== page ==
By the end of August the pimentos, piled in great heaps in the market, looked ready to burst with ripeness; but they were not yet good enough for Malfalda. Elizabeth had to wait nearly a month before the great day came, 'while my host and hostess on the island must have been wondering if I was ever going to leave.' (page 171)
Cooper sketches in the food issues in occasional passages like these; I just don't think she made the issues sufficiently vivid. I wish she had devoted more effort to the central reason why a reader might care about David; I would have appreciated more social history.

What I liked least is the enormous amounts of time spent on Elizabeth David's feuds and resentments. I learned way too much about her interactions, mainly hostile, with publishers, editors, book illustrators, lovers, friends, husband, business partners (in her cookware shop), and family. Elizabeth David's dislike of many people, especially those who wanted to interview her or write about her, becomes a central theme and upstages the portrayal of her accomplishments and impact. Her important acolytes (such as Alan Davidson and Hugh Johnson) didn't seem portrayed as central to her life, though they are critical to her lasting influence.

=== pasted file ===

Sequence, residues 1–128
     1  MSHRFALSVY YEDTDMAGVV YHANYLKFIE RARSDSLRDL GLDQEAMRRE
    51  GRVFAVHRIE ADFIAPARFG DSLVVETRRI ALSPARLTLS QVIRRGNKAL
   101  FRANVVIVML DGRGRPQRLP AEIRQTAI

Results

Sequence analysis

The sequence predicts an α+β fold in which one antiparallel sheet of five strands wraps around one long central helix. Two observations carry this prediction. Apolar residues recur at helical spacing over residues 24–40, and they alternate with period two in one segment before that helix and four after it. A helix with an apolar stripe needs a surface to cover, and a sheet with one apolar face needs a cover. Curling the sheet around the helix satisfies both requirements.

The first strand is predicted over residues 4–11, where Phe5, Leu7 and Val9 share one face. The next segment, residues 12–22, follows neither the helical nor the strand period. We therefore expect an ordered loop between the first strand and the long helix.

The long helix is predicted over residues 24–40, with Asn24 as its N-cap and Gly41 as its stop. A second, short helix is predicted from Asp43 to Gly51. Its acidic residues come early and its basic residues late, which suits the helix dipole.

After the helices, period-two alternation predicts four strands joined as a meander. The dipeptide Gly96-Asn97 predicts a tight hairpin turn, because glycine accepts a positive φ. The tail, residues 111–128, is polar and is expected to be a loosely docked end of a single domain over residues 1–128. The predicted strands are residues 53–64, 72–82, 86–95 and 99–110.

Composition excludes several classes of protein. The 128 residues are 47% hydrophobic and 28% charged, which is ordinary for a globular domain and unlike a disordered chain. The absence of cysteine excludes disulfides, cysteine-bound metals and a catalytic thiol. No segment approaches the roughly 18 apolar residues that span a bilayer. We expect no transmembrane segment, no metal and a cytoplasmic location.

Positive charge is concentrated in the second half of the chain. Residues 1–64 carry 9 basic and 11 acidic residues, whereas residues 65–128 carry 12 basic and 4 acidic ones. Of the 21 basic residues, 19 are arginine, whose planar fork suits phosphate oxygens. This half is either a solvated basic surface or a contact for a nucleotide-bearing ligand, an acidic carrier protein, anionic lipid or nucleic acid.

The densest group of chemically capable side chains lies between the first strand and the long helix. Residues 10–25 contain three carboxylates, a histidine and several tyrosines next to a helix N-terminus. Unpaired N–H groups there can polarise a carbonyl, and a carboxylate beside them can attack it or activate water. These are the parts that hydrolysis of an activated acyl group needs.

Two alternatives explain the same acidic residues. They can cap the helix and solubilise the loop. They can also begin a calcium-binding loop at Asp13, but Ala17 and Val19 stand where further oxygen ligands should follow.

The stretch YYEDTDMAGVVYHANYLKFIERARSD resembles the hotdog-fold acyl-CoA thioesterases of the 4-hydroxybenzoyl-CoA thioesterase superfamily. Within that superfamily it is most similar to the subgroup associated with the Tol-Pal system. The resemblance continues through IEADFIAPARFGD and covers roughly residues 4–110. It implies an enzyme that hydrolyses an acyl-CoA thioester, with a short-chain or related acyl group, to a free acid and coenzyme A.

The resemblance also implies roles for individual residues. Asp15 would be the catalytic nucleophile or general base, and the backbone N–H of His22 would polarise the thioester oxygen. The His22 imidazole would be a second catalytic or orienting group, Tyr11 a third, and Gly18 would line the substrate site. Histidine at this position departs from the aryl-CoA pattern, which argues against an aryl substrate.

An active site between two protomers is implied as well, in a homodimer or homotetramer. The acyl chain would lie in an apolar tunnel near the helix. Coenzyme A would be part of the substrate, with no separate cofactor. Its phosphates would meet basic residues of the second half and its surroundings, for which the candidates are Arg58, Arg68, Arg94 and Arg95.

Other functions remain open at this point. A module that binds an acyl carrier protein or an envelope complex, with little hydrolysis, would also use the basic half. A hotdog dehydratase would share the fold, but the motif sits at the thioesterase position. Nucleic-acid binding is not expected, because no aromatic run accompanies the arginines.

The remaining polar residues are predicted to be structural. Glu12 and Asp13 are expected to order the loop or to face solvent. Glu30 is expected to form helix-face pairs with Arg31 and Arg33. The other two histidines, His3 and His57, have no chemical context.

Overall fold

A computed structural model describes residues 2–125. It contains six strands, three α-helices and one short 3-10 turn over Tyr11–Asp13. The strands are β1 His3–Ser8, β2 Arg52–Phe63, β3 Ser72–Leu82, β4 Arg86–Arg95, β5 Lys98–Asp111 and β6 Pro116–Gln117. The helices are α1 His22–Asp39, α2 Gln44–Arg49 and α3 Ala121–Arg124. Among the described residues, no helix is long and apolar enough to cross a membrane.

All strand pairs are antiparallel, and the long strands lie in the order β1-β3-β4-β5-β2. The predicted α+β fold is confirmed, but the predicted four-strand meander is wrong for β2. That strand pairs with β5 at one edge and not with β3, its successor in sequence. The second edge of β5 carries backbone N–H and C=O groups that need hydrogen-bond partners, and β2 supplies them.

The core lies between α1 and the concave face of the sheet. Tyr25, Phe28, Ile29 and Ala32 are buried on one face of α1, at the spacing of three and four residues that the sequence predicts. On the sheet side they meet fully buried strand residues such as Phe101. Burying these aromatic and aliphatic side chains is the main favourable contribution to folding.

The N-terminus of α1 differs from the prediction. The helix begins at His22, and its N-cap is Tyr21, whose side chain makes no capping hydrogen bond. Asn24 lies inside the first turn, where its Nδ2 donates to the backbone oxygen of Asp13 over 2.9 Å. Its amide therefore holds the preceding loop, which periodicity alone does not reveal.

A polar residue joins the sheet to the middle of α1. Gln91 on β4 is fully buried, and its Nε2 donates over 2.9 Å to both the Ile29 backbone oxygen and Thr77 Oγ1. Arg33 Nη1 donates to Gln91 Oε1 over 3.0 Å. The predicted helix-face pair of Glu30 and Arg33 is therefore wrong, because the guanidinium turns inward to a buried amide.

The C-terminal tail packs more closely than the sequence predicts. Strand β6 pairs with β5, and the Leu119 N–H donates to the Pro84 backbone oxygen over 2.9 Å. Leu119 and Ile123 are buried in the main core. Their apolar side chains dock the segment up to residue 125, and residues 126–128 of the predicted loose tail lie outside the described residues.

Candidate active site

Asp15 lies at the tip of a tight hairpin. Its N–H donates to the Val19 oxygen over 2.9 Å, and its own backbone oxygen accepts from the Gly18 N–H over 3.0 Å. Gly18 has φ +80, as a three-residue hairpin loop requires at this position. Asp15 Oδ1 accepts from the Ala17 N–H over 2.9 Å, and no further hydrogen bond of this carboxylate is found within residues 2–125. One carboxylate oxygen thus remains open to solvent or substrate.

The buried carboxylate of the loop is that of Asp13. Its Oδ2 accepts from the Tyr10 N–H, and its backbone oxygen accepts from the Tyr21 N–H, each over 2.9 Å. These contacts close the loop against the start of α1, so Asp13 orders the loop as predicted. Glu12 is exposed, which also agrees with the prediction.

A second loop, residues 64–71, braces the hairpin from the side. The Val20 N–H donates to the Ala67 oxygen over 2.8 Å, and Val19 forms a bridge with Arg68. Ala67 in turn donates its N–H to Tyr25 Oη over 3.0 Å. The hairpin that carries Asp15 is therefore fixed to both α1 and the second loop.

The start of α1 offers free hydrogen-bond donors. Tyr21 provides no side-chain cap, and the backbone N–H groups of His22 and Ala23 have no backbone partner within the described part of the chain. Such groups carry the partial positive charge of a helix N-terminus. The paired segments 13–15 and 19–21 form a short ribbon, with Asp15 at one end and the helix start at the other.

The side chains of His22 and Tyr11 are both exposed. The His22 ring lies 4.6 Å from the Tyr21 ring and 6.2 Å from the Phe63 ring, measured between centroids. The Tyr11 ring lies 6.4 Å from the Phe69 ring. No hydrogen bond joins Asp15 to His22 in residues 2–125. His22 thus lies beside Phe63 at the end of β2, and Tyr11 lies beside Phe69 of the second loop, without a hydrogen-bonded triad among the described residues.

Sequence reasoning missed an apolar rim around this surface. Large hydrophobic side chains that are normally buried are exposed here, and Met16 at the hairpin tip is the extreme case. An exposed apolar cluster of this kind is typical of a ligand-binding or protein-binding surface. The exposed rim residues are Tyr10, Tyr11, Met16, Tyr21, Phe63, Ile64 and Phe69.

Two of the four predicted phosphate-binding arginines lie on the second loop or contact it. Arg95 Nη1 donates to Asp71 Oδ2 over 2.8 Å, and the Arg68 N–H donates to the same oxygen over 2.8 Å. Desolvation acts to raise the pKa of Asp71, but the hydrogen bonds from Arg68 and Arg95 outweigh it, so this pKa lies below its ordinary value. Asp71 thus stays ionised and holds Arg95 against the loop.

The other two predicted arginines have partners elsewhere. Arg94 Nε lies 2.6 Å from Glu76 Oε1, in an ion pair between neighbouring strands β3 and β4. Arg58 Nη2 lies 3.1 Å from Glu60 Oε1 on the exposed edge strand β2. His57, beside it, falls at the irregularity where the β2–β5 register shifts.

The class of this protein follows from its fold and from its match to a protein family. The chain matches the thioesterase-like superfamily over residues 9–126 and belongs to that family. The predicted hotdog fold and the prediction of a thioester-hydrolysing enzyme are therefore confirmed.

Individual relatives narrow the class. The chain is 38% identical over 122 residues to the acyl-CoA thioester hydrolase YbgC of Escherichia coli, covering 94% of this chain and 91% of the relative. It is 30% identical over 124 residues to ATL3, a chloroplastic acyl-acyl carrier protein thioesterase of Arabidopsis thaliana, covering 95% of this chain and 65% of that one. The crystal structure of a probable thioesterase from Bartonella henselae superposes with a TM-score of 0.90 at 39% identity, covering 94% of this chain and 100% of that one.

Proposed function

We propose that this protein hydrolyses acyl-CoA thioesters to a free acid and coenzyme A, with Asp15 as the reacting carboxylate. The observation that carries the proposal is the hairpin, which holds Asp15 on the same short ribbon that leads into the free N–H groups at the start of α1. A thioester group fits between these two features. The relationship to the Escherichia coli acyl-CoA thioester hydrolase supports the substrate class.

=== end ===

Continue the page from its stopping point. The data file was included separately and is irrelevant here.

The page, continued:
One thing I did realize in reading the book: there was a vast gap during the post-war years between food writing in the US and in England. Publications like Gourmet magazine, writers like Joseph Wechsberg, M.F.K. Fisher, and James Beard, and many trends in US cooking were having a parallel impact on American cooking, but they seem to have been invisible on the English scene. Elizabeth David evidently stood alone: Cooper doesn't even mention coincident trends in the other part of the English-speaking world.